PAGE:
Vanessa MacKay, Consultant Obstetrician and Gynaecologist and Spokesperson for the Royal College of Obstetricians and Gynaecologists explains: ‘Vaginal dryness can be caused by a change to a woman’s hormones and this can occur due to a wide variety of things including medication.
‘There are different types of antihistamine and some women may experience vaginal dryness when taking them.’
If you’ve noticed a lack of lubrication since allergy season kicked off, your medication might be the problem.
There are different types of antihistamine so speak to your doctor to see if another type wont have as much of an impact.
You can also try using other methods such as barrier balms to reduce how many antihistamines you take.
If you are suffering from vaginal dryness, make sure you take steps to manage it and use lube during sex to make it more comfortable.
Dr MacKay adds: ‘Women with any debilitating side effect from their medication should speak to their healthcare professional but vaginal dryness can be managed with vaginal moisturisers and by using water-based lubricants during sex.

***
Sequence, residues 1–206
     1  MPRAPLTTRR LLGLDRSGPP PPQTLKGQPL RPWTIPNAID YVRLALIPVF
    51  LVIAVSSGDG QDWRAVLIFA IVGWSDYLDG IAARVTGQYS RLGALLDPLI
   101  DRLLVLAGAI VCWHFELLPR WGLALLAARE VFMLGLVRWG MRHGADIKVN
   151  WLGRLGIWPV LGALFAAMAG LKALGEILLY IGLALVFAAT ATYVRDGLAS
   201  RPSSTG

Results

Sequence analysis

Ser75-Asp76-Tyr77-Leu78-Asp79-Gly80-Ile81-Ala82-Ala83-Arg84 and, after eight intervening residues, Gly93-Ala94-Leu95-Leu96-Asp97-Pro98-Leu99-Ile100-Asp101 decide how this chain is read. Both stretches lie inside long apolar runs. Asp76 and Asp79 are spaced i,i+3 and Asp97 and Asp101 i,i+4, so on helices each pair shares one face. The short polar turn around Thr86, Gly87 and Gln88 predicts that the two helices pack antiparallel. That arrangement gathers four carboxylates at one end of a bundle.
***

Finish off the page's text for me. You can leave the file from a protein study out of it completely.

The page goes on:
‘Women should not use any perfumed soaps, washes or douches in or around their vagina and should also steer clear of moisturisers that aren’t specifically for the vagina.’
If you aren’t taking allergy medication but are suffering from vaginal dryness, there are lots of other causes.
Other medication like contraceptive pills and antidepressants can also make your vagina dry.
If you are going through the menopause, are currently breastfeeding, have had your womb removed, have an underlying condition like diabetes or Sjogren’s syndrome or are currently going through cancer treatments, you are more likely to have it.
Using perfumed soaps, washes or douches around your vagina can also affect how much vaginal discharge you have.
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